Valuing an international project requires an accurate assessment of risk. Yet risk assessment, especially in emerging markets, is not a definitive science. In fact, it may never be. The “scientific” approach considers a net-present value calculation based on the assessment of various possible outcomes. While market prices for inputs and output might be reasonably forecasted, many other relevant sources of risk, from exchange rate fluctuations to non-market problems that can arise, are very difficult to predict in quantitative terms.
Consider a project in an emerging market, where the legal system is typically less consistent and transparent, and the political system is less stable. A weak legal system means that contracts might not be enforced. This raises dynamic incentive problems where one party may “hold up” the other after specific investments are made. More generally, a weak contract environment creates uncertainty—increasing risk—because all issues may be renegotiated as circumstances change. Weak legal systems further mean that minority equity interests may not be protected, and property rights to land, machines, or profit streams may be more easily undermined by partners or third parties, including the government. While outright expropriation by governments is less common these days, “creeping expropriation” through increased profit taxes or tariffs on necessary inputs is quite common. Indeed, agreements for tax holidays or other preferential treatment from the government may not last, especially if the personalities in power change.
How do we scientifically assess these non-market risks? Integrating these risks into a net-present value calculation is difficult, largely because the probabilities of various non-market disruptions are not well known from country to country or time to time. As a default, one simple solution is to add the risk premium on sovereign debt to the required internal rate of return. This makes sense if the risks your project faces are similar to the risks faced by government debt. But that condition is unlikely to hold, largely because any individual project—from mining to manufacturing, from selling locally to processing for international trade—face different issues.
Given these important uncertainties, project valuations must be viewed with some scepticism by managers. While useful tools, one must recognize that the estimation error may be exceptionally large. But it’s not all bad news, because the important part of value lies not in the valuation, but in the structure. The savvy manager knows that projects can be designed to both increase value and limit uncertainty. Indeed, there are many strategies that can make projects robust to market and non-market risks. Two key ideas for projects in emerging markets can be summarized as follows.
First, use local partners and consultants. They can provide useful information regarding local regulations and cultural norms. Better, the right partner—a powerful one—can provide political leverage that will be useful in case of local disputes. Local eyes, ears, and leverage, all matter. There’s a difficulty of course: the more powerful your local partners, the more certain you need to be that they will work for your interests—not against them. Can you trust your partners? This question leads to a second set of considerations.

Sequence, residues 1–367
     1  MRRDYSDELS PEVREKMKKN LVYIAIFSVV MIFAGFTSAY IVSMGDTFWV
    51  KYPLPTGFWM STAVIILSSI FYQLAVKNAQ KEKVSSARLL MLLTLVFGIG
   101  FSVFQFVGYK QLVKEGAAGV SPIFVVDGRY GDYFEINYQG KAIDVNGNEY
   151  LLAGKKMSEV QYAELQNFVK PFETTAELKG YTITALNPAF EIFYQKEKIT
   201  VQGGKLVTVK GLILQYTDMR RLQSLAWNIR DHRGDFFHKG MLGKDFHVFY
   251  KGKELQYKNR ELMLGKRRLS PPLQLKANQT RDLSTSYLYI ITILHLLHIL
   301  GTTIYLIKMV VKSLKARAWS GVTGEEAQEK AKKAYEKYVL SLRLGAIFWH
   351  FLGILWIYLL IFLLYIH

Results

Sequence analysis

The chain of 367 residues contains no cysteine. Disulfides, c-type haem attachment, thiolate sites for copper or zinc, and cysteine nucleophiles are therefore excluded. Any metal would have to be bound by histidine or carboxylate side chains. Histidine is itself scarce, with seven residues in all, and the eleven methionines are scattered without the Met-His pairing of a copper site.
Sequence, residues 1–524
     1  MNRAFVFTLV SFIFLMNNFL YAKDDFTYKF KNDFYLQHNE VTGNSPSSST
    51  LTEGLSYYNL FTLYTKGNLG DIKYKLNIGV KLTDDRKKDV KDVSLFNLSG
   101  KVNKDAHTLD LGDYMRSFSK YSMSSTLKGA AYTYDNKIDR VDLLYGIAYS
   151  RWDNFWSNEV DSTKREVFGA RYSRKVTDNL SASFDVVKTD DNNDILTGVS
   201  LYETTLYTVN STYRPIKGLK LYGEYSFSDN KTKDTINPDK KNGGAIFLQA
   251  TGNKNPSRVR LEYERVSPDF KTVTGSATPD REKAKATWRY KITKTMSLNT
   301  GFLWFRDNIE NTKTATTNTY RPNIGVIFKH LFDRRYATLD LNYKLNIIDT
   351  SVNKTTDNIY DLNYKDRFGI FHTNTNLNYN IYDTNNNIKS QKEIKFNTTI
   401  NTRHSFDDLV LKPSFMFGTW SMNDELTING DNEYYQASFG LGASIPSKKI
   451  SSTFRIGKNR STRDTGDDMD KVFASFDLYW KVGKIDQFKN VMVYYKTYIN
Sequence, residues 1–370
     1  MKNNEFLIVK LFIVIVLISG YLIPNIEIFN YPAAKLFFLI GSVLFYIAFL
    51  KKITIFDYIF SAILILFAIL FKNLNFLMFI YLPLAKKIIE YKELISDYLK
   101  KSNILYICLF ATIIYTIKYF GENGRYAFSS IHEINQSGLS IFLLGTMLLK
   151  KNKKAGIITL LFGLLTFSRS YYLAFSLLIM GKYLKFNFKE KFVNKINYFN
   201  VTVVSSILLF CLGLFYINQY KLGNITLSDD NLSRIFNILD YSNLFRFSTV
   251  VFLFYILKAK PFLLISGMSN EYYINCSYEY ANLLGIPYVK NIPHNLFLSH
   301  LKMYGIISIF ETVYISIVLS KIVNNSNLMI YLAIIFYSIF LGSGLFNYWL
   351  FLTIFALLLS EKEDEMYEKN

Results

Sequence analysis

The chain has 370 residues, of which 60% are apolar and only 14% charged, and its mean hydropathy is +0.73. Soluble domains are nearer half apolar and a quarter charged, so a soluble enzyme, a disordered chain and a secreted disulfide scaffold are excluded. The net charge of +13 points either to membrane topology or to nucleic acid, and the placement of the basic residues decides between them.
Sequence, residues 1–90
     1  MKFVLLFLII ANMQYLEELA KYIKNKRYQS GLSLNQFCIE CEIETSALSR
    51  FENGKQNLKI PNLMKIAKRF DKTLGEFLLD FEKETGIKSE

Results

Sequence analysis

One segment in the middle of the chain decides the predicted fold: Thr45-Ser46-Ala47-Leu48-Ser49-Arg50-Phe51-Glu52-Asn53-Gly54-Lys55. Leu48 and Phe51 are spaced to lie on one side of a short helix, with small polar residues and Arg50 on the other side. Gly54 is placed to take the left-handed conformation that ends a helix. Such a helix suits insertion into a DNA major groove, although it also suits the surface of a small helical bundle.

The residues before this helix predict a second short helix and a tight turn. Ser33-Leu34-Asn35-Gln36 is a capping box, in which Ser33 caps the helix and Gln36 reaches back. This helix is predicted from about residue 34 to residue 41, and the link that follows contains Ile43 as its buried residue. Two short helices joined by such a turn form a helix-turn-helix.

At the core of increasing value and reducing risk is the issue of incentive alignment. You must identify all parties that are important to the project’s success, assess their natural incentives to participate, and then structure the project to bring all the important parties on board. If a contract can’t be enforced, why would this person continue to help you? Relationships must be structured so that each party sees gains ahead that are sufficient incentives against unhelpful behaviour today. Reputation and trust come naturally when you and your partner have common stakes in the future. This means that you pay after services are performed. This means that local partners have a stake in future profits. This means that weak legal systems no longer matter so much.
To put the strategy simply, “if it’s not fair, it’s not sustainable”—a mantra of the International Finance Corporation. As others might say, “don’t overreach”. A good project gives a piece of the pie to all critical players, typically including the government in poorer countries. Yes, you can use expensive lawyers to out-negotiate the naïve partner, garnering yourself higher apparent rates of return. Yes, you can pay a bribe to secure a project. But these kinds of strategies are often recipes for long-run disaster—and bribing is illegal. Once the local partner or government realizes it got a bad deal, the deal is dead and the real trouble begins. When local political personalities change, a bribe to the ex-bureaucrat or politician will be worse than worthless—it will be a serious liability. Align incentives over the life of your project and the risks will be slight. A good structure makes the expected return higher and the variance lower, creating valuations you can trust. Good structure is good value.
Benjamin F. Jones Assistant Professor of Management and Strategy
(This column will carry contributions from Kellogg School’s faculty, staff, students and alumni, and will strive to be relevant and meaningful for those living and doing business in South Asia. Every fortnight you will read about innovations in management across various business categories that can make an individual, a team or an organization, a global leader.)